Everyone deserves to have one perfect day in their lives, a day touched by magic. Mine took place many years ago, when I was young, in Venice. In my mind’s eye, I can still step off the Rialto Bridge into a waiting gondola, glide past the waterside palaces we all dream of living in some day, and hear the melodious strains of the gondolier singing "Come back to Sorrento."
My girlfriend and I were Youth Hostelling our way around Europe and, without knowing it, had arrived on a special day. It was the "Fiesta del Redentore" – the Festival of the Redeemer. Although its religious significance was not relevant to me, I was entranced by the atmosphere. All the gondolas were decorated, music filled the air, the girls wore flowers in their hair; and there was a symbolic throwing of a wedding ring into the water, to signify the marriage of the Doge of Venice to the Adriatic.
Venice is a labyrinth of Gothic, Renaissance and Baroque splendor. It began in the 5th century C. E., when mainlanders first fled barbarian invaders to the Venetian isles. Out of nothing, they created medieval Europe’s most splendid city. Traders like Marco Polo ventured east and built a merchant empire, and for centuries it was the Meditteranean’s greatest maritime power. However, by 1797 it had caved in to Napolean and succumbed to decay and decadence, but it is still bursting with artistic and architectural wonders. 20 million tourists visit each year. Now it is plagued with problems of flooding and subsidence, but it has never lost its power to bewitch.
Much of Venice is built on ancient platforms of petrified timber pylons driven into the lagoon floor. Through the middle of it winds the upside-down S-shaped Grand Canal. This is Main street Venice, clogged with ferries, water taxis, private boats, police vessels, ambulances, transport barges and flotillas of gondolas. The speed limit is 7 kms. per hour.
Often the easiest way to travel is on foot. There are no cars, for Venice consists of myriad islands. There are 400 bridges spanning 150 canals. It only occupies 7.6 sq. kms. but it would take months to exhaust its glories. Palaces, convents, churches and mansions jostle for attention.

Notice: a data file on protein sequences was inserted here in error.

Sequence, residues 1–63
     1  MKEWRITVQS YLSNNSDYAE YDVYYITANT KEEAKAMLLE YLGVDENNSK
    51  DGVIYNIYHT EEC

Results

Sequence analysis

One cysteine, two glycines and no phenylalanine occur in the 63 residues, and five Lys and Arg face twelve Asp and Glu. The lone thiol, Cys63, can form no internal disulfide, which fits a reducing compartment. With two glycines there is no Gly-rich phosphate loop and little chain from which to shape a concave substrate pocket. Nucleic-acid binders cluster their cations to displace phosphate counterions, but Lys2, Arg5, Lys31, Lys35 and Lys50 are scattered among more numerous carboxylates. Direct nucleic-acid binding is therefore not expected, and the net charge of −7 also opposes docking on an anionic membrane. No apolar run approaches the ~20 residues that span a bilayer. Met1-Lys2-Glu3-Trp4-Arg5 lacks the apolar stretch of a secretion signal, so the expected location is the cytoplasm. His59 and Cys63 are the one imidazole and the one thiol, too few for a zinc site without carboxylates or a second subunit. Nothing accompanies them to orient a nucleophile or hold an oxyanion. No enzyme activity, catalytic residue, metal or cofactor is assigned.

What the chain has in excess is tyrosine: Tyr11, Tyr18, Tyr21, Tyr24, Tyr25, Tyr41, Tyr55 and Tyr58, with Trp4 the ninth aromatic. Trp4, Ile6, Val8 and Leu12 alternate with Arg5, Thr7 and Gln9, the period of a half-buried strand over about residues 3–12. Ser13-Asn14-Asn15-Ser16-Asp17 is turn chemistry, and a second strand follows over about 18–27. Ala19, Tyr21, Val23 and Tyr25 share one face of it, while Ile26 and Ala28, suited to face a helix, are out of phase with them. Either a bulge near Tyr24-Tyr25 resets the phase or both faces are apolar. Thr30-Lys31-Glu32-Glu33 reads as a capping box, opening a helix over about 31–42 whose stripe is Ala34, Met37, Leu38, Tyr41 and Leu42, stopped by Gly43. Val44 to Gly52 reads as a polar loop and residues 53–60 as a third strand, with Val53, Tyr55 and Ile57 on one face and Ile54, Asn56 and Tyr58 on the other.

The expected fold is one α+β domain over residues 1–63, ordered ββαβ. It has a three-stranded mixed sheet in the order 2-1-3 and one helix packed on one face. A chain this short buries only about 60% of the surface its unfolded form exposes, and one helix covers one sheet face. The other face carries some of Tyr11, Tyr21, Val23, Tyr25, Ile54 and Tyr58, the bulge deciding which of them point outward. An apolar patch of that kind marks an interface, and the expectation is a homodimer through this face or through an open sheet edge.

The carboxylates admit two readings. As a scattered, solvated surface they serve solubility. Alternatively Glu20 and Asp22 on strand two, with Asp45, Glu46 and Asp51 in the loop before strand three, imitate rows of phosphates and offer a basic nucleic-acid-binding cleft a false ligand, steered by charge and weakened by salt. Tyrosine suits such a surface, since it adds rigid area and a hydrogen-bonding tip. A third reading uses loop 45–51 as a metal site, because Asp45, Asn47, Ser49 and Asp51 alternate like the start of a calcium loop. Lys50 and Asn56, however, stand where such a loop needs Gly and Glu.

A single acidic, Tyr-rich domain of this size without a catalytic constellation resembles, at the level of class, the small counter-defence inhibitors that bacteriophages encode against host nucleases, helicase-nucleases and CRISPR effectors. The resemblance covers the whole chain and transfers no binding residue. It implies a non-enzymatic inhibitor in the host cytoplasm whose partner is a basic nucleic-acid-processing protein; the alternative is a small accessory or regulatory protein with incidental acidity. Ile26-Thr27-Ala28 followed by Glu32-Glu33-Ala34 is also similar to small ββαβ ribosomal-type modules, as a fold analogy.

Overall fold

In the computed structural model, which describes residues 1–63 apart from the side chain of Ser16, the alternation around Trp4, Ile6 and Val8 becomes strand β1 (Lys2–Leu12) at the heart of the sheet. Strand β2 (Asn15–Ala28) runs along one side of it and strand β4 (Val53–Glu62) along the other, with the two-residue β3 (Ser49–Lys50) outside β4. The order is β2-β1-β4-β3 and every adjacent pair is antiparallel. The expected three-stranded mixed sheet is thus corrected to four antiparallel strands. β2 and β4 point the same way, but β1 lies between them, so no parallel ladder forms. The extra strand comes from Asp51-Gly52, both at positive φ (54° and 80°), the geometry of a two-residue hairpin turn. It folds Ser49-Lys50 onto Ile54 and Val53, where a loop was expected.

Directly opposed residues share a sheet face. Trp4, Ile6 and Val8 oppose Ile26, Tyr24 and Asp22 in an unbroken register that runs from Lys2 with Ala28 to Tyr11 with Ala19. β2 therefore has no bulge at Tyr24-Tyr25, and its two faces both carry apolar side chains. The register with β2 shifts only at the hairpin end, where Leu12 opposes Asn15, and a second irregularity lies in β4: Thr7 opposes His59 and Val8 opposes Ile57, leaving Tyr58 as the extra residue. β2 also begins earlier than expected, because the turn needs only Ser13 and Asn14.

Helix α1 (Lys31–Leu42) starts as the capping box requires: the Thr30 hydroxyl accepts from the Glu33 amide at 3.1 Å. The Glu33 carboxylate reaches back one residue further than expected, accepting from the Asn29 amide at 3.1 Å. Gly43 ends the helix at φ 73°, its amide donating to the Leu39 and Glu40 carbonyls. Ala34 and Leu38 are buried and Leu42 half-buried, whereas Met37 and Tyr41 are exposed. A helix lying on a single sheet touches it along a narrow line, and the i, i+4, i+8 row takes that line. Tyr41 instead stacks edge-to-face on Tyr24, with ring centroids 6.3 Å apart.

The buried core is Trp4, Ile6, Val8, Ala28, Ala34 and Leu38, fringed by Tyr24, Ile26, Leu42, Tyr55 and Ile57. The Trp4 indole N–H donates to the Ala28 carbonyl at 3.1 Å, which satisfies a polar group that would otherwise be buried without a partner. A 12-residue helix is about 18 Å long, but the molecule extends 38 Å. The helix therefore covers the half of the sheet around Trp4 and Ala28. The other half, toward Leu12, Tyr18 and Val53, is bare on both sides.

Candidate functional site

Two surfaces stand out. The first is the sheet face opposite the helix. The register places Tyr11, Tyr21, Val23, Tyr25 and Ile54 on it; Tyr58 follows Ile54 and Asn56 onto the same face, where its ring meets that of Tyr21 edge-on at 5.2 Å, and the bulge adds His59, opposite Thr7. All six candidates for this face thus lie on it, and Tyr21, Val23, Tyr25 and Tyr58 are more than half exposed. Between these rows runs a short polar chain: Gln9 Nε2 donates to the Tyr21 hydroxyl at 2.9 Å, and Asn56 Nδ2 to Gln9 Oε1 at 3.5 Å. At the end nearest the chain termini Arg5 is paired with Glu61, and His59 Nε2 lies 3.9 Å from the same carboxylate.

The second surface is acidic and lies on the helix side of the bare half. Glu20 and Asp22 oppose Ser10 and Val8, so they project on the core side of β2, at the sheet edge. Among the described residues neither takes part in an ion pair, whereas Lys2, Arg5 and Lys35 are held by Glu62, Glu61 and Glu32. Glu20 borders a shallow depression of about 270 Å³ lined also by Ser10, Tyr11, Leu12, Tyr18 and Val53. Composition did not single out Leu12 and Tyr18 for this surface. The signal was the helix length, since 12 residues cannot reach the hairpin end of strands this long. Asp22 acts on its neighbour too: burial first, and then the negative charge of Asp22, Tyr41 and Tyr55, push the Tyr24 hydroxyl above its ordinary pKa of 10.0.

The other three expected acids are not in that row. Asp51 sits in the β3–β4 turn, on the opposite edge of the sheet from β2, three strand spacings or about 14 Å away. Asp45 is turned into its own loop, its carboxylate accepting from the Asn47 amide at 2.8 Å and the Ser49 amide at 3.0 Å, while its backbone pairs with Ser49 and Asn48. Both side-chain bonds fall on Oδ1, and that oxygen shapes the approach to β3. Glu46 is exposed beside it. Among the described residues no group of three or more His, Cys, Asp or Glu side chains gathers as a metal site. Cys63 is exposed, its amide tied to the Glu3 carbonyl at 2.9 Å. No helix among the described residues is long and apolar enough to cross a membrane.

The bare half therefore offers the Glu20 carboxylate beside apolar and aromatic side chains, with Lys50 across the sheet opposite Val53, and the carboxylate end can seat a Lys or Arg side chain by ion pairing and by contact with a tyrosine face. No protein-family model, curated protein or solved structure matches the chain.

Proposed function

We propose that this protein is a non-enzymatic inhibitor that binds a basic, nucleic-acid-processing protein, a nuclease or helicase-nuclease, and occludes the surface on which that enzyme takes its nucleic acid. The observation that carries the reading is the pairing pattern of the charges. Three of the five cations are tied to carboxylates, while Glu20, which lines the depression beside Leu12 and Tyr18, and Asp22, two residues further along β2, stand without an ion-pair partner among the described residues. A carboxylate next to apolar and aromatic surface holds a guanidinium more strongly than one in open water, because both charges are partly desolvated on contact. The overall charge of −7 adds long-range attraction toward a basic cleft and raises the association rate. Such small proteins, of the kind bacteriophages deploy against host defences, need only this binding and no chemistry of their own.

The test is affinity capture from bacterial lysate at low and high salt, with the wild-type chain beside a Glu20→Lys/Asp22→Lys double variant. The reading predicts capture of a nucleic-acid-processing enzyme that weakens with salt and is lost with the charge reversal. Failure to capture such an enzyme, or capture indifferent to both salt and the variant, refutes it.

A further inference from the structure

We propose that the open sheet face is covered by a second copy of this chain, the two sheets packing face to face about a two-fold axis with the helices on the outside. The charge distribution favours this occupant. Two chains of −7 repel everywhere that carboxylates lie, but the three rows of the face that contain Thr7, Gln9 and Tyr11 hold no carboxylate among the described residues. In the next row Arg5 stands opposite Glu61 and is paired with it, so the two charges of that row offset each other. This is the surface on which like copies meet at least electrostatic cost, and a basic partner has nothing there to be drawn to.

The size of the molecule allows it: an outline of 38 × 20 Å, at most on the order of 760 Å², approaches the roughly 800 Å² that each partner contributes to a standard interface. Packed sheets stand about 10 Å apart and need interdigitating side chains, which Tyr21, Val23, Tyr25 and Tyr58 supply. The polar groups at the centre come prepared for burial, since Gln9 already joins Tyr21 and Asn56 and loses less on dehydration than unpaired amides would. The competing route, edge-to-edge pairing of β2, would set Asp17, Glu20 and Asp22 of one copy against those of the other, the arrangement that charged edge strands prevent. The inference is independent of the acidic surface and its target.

Ferries arrive from Greece every day, sailing past St. Mark’s Square en route to the shipping terminal. You can arrive by rail, but to fly in over the island-spangled lagoon is stunning.
The sights are all wonderful. St. Mark’s Basilica dominates the square of the same name, and you simply must feed the pigeons in the Piazza San Marco as you sip coffee among all the tourists and artists, drinkers and musicians. St. Mark’s itself, built in 11th century, glistens inside with its patina of delicate gold mosaics. Next door, the Gothic arcades of the Palazzo Ducale (Ducal Palace) spread to the waterfront. It is filled with masterpieces by Venetian greats … Tintoretto to Titian. This was the seat of power for 1,000 years of the proud Venetian republic. Do not miss the art collections at Galleria dell’ Accademia, or at the nearby Peggy Guggenheim Collection of modern art.
For a breath-taking view, take the elevator to the top of the Campanile, the bell-tower of St. Mark’s Basilica, even though it collapsed in a heap in 1902 and was rebuilt in 1912. Early Spring is the best time to visit. Summer is torrid and crowded. Late Autumn can be wet, although even the fog is romantic. Our visit coincided with Fiesta del Redentore, the 3rd week-end in July. Since 1578, Venetians gather along the Zattere to cross the pontoon bridge to Giudecca Island. The festival was instituted to give thanks for the passing of a nasty plague. There are endless bottles of ‘prosecco’ (light sparkling wine) and fireworks. Then on to the Lido beaches to party until dawn.
Murano glass and Burano lace are on visitors’ wish lists. Head for the islands where they are made, or the stores in St. Mark’s Square. Today tourists also head for Harry’s Bar for a bellini … peach nectar and prosecco. Some of the islands are little more than abandoned rocks, while Burano is a cheerful isle of pastel-colored houses belonging to fishing families.
If you decide to visit this jewel of Europe, remember me to Umberto, who took me dancing at the Lido in 1955. Tell him I’ve still got the little silver gondola!